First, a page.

Margaret Stuart (1598–1600)

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Princess Margaret (1598-1600).jpg
Margaret accompanies her siblings in an 1814 mezzotint by Willem van de Passe.
Born24 December 1598
Dalkeith Palace, Edinburgh
DiedMarch 1600 (aged 1)
Linlithgow Palace, Linlithgow
FatherJames VI and I
MotherAnne of Denmark
Scottish and English Royalty
House of Stuart
Coat of Arms of England (1603-1649).svg
James VI and I
Henry Frederick, Prince of Wales
Elizabeth, Queen of Bohemia and Electress Palatine
Princess Margaret
Charles I
Prince Robert, Duke of Kintyre
Princess Mary
Princess Sophia

Margaret Stuart (24 December 1598 – March 1600) was the second daughter of King James VI of Scotland and Anne of Denmark. Sometime in March 1600, Margaret died of an unknown illness and she was buried in Holyrood Abbey. Three years later, her father ascended the throne of England.


Margaret was born on Christmas Eve 1598, the second daughter of King James VI of Scotland, future James I of England, and Anne of Denmark, her baptism was postponed until April 1599, as the winter, part of the "Little Ice Age", was exceptionally cold and there were worries that the princess should catch a cold and expire.[1] King James wrote a letter to a friend, in expectation for his daughter's baptism: "We greet you well: having appointed the baptism of our dearest daughter to be here at Holyrood House, upon Sunday, the 18th of April next, in such honorable manner as that action craved: we have therefore though good right effectually to request and desire you to send us such offerings and presents against that day, as is best then in season and convenient for that action, as you regard our honor and will merit our special thanks. So, not doubting to find your greater willingness to pleasure us herein, since you are to be invited to take part of you own good cheer, we commit you to God."[1] James paid 400 pounds Scots for furniture made for Margaret and her sister Elizabeth on occasion of the baptism.[2]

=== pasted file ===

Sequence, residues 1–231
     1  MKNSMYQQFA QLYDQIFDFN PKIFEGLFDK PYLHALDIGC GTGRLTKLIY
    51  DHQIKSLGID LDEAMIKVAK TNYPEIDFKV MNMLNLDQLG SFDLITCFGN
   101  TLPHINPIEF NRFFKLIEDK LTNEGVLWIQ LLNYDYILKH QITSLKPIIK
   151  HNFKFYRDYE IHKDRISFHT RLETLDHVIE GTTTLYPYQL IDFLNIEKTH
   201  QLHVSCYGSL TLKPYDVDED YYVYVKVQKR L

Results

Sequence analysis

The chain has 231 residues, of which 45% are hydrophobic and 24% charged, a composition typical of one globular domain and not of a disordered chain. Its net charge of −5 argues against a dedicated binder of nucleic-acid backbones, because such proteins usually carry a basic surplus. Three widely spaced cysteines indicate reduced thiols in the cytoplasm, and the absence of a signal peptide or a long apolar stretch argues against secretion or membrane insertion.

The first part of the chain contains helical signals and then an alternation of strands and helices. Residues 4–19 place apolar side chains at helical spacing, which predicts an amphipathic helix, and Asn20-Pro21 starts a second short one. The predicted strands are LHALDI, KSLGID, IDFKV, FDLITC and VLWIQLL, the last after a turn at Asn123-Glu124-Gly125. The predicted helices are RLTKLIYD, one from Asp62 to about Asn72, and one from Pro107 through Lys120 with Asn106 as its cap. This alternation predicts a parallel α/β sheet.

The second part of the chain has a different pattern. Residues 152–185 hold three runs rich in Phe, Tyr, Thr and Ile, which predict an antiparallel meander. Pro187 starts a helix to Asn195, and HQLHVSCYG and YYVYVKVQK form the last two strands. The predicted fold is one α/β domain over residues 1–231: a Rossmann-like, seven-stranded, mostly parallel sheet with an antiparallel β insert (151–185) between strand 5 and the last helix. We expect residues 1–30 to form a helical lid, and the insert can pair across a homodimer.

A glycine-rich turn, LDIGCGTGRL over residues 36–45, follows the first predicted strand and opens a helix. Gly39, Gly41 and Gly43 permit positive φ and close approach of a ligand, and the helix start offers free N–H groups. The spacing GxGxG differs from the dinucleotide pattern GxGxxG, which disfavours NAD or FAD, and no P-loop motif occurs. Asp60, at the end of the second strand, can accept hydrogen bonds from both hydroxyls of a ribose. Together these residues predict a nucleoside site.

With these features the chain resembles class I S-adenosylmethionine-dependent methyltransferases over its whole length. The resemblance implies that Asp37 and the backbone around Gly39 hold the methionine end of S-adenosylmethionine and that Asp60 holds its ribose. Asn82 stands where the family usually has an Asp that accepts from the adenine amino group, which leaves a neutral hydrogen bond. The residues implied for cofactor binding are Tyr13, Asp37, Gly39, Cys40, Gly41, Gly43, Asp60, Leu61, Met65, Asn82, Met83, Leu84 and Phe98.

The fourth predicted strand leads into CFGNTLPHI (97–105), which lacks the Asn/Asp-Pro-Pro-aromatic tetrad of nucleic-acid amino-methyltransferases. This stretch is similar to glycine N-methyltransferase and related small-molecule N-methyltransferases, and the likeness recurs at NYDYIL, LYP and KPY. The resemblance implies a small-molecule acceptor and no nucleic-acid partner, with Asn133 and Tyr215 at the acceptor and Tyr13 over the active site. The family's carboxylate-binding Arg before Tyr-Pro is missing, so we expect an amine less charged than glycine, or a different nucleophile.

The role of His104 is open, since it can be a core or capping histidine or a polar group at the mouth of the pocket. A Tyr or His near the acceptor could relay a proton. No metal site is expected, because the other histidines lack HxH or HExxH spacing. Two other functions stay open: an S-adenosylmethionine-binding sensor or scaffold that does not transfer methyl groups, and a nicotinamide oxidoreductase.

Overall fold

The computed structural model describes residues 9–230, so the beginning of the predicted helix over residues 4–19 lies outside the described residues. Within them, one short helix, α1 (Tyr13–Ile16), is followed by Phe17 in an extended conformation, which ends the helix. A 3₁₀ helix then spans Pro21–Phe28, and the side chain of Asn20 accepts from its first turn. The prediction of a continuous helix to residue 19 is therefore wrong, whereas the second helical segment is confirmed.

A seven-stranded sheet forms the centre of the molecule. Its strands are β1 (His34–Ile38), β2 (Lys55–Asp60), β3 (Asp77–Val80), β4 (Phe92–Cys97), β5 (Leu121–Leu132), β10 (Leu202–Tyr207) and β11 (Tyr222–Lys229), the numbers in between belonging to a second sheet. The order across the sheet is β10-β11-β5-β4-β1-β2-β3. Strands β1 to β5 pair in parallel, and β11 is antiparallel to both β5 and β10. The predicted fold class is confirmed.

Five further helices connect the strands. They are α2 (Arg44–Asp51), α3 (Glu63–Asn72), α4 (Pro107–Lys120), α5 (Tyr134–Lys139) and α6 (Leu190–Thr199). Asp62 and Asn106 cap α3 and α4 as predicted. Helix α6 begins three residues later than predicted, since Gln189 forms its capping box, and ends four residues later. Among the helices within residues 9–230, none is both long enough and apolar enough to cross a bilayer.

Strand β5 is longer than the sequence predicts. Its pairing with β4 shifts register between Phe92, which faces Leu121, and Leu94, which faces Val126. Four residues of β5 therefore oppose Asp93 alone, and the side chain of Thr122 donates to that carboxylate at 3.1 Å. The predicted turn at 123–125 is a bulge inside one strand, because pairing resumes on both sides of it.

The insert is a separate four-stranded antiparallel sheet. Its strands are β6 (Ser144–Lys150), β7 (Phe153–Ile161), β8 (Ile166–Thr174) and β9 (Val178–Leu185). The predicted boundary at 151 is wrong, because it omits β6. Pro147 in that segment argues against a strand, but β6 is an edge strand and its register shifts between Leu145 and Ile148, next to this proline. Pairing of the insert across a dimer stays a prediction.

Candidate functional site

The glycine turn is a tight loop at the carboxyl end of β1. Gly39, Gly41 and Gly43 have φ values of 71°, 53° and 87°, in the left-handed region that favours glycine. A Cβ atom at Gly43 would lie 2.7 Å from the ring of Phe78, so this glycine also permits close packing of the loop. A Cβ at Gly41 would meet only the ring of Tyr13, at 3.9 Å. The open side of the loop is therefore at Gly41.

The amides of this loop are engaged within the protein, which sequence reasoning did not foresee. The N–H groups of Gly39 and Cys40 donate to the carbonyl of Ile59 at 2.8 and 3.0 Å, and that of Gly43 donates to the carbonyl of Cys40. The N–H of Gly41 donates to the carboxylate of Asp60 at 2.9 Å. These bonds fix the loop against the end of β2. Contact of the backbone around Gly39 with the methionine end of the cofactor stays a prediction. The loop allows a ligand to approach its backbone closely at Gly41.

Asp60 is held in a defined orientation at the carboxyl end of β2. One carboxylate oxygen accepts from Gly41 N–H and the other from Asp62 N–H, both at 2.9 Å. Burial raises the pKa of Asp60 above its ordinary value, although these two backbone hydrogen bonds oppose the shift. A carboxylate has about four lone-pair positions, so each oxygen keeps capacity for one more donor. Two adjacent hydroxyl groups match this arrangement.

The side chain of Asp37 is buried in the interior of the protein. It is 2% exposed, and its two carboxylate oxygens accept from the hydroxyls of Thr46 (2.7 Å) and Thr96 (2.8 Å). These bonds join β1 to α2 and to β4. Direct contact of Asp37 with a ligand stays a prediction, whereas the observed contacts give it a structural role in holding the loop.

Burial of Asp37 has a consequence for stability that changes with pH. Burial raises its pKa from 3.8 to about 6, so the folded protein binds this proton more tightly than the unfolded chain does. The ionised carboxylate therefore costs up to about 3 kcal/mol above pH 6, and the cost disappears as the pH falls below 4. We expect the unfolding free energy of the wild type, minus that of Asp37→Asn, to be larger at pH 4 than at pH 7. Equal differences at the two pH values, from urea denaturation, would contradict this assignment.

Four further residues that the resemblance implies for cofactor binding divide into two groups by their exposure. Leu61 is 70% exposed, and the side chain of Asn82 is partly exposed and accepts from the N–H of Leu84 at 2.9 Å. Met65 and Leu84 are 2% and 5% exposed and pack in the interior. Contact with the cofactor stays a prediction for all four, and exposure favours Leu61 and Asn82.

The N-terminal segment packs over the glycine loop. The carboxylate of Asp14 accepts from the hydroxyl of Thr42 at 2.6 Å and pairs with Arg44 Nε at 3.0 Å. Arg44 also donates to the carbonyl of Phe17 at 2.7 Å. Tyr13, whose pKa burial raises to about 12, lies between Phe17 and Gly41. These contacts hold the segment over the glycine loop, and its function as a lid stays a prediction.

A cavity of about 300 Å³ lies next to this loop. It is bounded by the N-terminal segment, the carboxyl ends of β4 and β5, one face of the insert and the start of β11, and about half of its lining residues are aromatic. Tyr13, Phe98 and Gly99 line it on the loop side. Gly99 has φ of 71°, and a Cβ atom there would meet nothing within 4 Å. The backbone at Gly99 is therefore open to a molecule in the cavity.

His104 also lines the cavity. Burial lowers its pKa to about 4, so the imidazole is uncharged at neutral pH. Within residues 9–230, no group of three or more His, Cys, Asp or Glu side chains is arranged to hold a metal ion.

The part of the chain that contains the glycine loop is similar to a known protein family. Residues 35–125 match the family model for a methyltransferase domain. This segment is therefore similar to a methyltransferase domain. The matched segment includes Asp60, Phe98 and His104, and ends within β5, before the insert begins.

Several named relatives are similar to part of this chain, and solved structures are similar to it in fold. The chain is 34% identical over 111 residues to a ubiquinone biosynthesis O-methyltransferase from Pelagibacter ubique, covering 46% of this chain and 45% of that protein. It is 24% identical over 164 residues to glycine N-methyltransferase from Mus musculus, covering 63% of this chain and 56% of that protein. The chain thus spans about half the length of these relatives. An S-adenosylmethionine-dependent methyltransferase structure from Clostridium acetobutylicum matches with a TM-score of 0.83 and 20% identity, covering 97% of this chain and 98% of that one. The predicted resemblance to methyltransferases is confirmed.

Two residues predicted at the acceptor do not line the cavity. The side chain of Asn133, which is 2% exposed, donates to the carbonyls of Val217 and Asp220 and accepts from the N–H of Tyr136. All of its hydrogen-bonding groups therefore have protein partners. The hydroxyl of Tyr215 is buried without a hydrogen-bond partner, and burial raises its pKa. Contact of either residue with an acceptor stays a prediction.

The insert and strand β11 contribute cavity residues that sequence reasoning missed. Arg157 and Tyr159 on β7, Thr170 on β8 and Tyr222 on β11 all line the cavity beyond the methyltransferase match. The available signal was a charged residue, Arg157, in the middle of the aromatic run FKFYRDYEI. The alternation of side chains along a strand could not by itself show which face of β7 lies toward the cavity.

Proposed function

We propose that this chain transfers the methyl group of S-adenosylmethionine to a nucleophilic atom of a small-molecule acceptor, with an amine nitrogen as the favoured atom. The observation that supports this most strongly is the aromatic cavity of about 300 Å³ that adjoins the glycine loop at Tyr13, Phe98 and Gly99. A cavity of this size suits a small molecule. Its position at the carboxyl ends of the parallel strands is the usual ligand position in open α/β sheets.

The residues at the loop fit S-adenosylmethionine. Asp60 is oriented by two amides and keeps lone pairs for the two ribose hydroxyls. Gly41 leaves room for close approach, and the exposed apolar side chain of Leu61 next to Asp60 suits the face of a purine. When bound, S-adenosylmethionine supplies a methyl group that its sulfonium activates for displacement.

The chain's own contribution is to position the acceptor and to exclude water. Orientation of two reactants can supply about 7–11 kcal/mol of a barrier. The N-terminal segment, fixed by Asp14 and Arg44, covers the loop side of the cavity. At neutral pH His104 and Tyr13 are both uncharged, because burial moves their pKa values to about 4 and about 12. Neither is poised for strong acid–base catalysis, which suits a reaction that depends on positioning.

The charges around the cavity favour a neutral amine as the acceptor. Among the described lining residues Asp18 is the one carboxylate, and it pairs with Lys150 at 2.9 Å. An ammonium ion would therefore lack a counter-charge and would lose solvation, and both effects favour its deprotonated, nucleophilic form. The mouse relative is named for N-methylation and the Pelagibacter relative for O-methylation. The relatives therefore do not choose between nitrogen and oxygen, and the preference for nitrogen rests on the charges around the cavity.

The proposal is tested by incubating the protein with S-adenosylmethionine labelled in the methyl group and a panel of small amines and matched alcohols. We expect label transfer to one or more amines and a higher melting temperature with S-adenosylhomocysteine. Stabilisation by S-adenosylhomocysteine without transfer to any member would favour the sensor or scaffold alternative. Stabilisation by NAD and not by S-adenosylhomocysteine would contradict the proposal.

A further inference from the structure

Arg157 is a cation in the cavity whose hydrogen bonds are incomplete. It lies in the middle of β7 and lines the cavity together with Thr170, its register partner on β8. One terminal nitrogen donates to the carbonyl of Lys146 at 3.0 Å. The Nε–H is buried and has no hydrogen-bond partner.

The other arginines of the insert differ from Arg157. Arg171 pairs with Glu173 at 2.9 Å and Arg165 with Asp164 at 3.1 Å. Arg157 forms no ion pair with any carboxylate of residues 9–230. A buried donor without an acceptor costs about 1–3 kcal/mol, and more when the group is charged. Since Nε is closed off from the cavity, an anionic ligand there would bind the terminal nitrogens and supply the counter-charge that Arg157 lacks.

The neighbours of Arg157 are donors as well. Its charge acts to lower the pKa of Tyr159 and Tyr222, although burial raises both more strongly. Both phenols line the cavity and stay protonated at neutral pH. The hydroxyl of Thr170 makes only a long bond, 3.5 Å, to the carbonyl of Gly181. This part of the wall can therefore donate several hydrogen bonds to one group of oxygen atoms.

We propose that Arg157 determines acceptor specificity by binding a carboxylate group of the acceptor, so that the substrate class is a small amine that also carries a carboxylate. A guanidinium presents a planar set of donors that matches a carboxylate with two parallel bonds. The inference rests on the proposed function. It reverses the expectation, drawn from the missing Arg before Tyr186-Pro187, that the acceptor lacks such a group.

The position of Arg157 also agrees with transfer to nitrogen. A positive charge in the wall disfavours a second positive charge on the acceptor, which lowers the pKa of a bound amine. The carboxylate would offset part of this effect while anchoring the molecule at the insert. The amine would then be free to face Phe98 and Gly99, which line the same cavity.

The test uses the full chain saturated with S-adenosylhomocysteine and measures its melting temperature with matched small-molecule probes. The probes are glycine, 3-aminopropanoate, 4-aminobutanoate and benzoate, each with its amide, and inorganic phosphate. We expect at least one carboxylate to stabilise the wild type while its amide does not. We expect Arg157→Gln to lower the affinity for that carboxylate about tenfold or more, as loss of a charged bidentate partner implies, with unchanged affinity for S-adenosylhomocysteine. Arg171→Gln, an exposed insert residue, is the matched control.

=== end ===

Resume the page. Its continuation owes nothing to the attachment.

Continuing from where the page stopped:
After the baptism, Margaret and her sister were put into the care of Lord Livingston and his wife Lady Livingston at Linlithgow Palace. Helena Crichton was her wet nurse.[2]

Death and burial[edit]

In March 1600, Margaret was taken ill, but her disease is not known. Alexander Barclay, apothecary, and the Polish physician Martin Schöner were called to "supply certain drugs, medicaments, and other geer, for the use of the Lady Margaret, during the time of her sickness" and assist the infant, but to no avail.[2] Margaret died sometime during the very same month she became ill, but the exact date was never recorded. Later in March, she was embalmed, her body was decorated with flannel, crimson silk and Florence ribbon, to prepare her for the funeral, she was transported from Linlithgow to Edinburgh and was privately interred in Holyrood Abbey.[2]




  1. ^ a b Everett Green 1857, p. 88.
  2. ^ a b c d Everett Green 1857, p. 89.


  • Everett Green, Mary Anne (1857). Lives of the princesses of England. London: Longman, Brown, Green, Longman, & Roberts.